The backbone of the music industry

For up and coming artists trying to break into today’s music scene, it can be as tough as finding a needle in a haystack. Luckily for Durham College students, there’s a prescription for that, no pun intended.

Student from the Music Business Management program hosted Prescription 2 Rock at E.P. Taylor’s on March 31.

The Prescription 2 Rock music conference was held to emphasize the business side if the industry. The workshop gave guests a chance to have firsthand interaction with professional artists, producers, and broadcasters in the music industry.

The even showcased the careers of Canadian country trio, Runaway Angel, and producer and R&B artist, Jay Evans.

Ann Chaplin, Cadence Grace and Stacey Zegers compose the three voices of Runaway Angel. Each were navigating solo careers when, in late 2013, through a series of events, they formed the group.

Their chemistry clicked instantly. Individually, they have toured Canada, the United States, and Europe, opening for major acts like One More Girl, Aaron Lines, and Doc Walker.

Joining forces, the group became familiar on festival stages opening for acts such as Jason Blaine, Dallas Smith, and Tim Hicks.

After the artists were formally introduced at Prescription 2 Rock, each spent about 15 minutes in an open discussion with guests.

During the round table discussion, Chaplin explained some of the biggest challenge of the less glamorous side of the music business, describing what life on the road really looks like.

From the dingy hotel rooms to the cramped transportation accommodations, especially when you’re still up and coming in the industry, they said touring is hard work. Music is a 24/7 job.

Chaplin also talked about the self-doubt she had, denying knowing that doing what she truly loved doesn’t always pay the best, yet alone pay the bills.

But the unconditional reinforcement that she receives from her parents keeps her going when times are low.

“ It would be pretty much impossible to do this without their support,” says Chaplin.

When Zegers spoke with the table, she was adamant about being a music sponge, soaking up and learning everything she could when it comes to the industry.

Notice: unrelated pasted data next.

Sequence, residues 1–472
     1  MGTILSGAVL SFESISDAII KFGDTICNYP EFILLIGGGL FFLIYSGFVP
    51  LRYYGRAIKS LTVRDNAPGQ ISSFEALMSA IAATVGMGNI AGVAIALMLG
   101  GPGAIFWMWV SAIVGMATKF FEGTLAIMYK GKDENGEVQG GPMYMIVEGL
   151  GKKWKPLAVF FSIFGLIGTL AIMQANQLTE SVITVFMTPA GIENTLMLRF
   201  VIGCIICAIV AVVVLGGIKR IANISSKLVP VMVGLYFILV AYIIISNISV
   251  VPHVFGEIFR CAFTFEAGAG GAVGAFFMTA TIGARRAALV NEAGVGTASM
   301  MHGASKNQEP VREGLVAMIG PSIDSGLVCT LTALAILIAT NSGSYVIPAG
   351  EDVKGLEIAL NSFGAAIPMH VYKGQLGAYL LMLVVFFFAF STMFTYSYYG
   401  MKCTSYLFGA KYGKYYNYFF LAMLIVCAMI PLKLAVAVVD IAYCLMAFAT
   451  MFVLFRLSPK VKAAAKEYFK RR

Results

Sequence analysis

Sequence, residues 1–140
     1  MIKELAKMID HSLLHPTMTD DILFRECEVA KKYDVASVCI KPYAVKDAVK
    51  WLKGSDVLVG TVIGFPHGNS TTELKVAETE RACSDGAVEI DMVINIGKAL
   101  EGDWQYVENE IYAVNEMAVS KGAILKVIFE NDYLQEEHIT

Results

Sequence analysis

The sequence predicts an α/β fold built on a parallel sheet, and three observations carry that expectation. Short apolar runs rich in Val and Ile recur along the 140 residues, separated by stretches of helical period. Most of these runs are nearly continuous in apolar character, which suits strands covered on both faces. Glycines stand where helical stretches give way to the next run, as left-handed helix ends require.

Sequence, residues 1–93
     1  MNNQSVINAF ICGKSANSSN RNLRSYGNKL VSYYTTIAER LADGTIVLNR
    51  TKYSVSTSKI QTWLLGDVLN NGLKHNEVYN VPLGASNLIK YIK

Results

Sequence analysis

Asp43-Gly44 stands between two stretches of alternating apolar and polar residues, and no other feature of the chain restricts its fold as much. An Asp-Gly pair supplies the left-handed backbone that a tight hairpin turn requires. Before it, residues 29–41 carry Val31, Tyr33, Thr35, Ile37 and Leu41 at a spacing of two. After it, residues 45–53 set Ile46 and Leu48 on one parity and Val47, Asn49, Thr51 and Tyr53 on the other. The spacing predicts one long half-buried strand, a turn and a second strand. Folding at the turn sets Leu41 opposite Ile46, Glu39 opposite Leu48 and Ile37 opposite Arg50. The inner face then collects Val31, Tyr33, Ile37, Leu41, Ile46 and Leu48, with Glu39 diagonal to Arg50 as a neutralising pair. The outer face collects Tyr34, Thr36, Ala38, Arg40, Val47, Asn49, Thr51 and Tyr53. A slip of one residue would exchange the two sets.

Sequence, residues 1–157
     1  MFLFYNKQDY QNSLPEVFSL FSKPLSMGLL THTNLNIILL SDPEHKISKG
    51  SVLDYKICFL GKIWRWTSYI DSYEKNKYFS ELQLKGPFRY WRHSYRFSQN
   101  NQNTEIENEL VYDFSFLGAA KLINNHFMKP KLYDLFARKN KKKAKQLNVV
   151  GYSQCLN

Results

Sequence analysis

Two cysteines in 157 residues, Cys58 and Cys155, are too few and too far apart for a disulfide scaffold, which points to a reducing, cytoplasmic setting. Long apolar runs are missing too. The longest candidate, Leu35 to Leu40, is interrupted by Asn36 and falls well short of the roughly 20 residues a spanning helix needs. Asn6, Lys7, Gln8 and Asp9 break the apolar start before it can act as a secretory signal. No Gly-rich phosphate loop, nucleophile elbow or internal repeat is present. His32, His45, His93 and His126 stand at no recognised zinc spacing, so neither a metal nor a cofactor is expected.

Zegers said getting a mentor was one of the best things she did when she finally decided to take her music career to the next level.

When striding to become a musician, Zegers says it is essential to make opportunities for yourself. “Don’t be scared to start your own business,” Zegers says. “If no one is going to hire you start your own.”

Jay Evans was born in Toronto, but at age of three, his family packed up and moved to Los Angeles. Evans credited his love for music to his mother, who while living in L.A., sung background vocals for music producer Quincy Jones.

Evans also briefly spent time in Detroit. He said that this added to his creative growing process, where he experimented with hip-hop and the likes of artist such as Reakwon, Naughty By Nature, and R&B singer, Mario.

When he turned 22, Evans traveled back to L.A. where he sharpened his recording and engineering talents.

Now based out of Toronto, Evans spends his time committed to community youth group. When he’s not with the kids you can find him composing instrumentals for independent films.

During the round table discussion, Evans got in-depth about the ‘beast’ called the music industry from his perspective. “If you have a bunch of ‘yes’ guys all the time it’s not going to work. You’ve got to have a balance,” Evans says, “Be patient, and don’t let your emotions get the best of you.”

At the Prescription 2 Rock conference the purpose was to not only further educate guests on the business side of the industry, but to celebrate the power in which this form of art possesses. In the words of Quincy Jones, “Every country can be defined through their food, music and language. That’s the soul of a country.”